Reverend Graham’s utopia

By Chris Rizer - Special to the Register

Reverend William Graham’s grave on the grounds of Washington & Lee University, Lexington, Virginia.

Reverend William Graham’s grave on the grounds of Washington & Lee University, Lexington, Virginia.

Our History on the Land class here at the University of Vermont is all about reading the landscape, using it as an extension of our written history. Rather than looking at history based on important people or key events, a version of history that leaves out quite a bit, you look at the town itself and how it formed and evolved over time. Town planning, transportation (rivers, railroads, roads, etc.), agriculture, industry, business districts, neighborhoods and suburbs, and everything else that makes up a town or city weaves together to build a history.

There’s so much I could talk about, and perhaps I will in the future, but Thursday’s class brought to mind a piece of our history that is frequently forgotten. We were covering types of communities that were created with a very specific purpose, like company towns or utopian religious communities. These utopian religious communities were usually founded as a place for specific religious groups, such as the Anabaptists (Amish, Mennonites), Harmonists, Quakers, Shakers, and Transcendentalists, to practice their religion freely. One such community, intended for Scotch-Irish Presbyterians, was founded right here in Mason County.

Born in 1746 near present-day Harrisburg, Pennsylvania, William Graham was accustomed to life on the frontier. Raised in a deeply religious Presbyterian family, he studied under local ministers until his enrollment at Princeton University in 1769, where he studied theology and moral philosophy.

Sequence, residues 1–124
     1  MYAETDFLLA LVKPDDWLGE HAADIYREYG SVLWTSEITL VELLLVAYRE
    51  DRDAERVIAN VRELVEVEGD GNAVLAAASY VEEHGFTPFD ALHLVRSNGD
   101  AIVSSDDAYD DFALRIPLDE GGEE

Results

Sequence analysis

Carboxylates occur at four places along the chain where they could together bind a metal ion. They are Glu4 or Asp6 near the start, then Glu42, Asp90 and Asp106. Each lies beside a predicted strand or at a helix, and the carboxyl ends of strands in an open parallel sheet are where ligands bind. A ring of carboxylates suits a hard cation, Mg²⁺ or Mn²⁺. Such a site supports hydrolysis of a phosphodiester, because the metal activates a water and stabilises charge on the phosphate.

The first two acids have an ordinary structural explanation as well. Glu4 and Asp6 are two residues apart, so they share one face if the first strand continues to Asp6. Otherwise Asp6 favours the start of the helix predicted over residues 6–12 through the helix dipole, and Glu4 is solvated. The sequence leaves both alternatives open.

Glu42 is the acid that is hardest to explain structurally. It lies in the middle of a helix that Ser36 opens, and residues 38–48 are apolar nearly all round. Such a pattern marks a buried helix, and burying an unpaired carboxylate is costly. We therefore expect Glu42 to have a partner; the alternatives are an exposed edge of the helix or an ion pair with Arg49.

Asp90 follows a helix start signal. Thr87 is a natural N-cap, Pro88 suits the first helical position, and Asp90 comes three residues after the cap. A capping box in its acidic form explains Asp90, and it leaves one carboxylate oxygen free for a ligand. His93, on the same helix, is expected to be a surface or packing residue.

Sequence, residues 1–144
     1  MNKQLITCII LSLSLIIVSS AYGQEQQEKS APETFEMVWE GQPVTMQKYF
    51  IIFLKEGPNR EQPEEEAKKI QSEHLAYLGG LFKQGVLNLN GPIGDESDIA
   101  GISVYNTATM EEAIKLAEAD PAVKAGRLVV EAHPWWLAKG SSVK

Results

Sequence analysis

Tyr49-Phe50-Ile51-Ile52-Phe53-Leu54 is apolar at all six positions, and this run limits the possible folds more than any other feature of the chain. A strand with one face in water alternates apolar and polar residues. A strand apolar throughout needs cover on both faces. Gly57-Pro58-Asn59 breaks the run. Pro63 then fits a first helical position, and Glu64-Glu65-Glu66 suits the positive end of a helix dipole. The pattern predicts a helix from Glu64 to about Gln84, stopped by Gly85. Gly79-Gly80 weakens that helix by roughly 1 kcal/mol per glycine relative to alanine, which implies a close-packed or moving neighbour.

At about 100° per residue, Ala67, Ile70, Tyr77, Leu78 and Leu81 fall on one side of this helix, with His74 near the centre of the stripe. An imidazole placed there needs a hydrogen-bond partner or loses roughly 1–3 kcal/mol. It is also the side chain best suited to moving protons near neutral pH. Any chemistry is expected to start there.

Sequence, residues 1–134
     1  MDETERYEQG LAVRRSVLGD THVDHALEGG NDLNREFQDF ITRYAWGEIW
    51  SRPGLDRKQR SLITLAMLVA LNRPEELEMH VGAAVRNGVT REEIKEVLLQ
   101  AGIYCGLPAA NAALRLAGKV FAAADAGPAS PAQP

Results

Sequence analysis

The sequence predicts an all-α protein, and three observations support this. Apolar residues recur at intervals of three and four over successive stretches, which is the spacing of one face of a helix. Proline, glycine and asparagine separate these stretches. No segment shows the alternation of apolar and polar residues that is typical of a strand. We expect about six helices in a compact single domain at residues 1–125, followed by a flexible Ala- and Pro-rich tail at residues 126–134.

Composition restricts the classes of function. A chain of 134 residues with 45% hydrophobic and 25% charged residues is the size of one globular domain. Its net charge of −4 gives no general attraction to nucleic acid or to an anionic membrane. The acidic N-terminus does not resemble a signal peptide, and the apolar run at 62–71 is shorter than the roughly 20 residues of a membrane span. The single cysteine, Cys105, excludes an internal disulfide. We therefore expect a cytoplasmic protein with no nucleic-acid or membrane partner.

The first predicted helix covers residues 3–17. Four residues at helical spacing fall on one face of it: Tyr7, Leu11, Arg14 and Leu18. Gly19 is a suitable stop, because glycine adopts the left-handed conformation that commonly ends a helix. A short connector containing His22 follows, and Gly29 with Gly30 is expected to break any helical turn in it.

Soon after graduation, in the fall of 1774, a fellow alum approached him about a teaching position at the Augusta Academy in now Rockbridge County, Virginia. He readily accepted, and it wasn’t long before he was also ordained as a minister with the local Hanover Presbytery, covering the congregations at Timber Ridge, Hall’s Meeting House, Brown’s Meeting House, North Mountain, and the Pastures. Members of these congregations included many who had recently fought at the Battle of Point Pleasant.

Throughout the Revolution, Graham did what he could to keep the now renamed Liberty Hall Academy alive. It struggled due to a lack of students, as men were off fighting in the war, but he was able to retain a small class and move the school to Timber Ridge, and eventually to the growing town of Lexington.

Following the war, he saw to the revival of both Liberty Hall and the local Presbyterian congregations. For a time he resigned as minister to focus on the school, but returned in the 1780s and added yet another congregation, this one in Lexington proper. Today, the school survives as Washington & Lee University.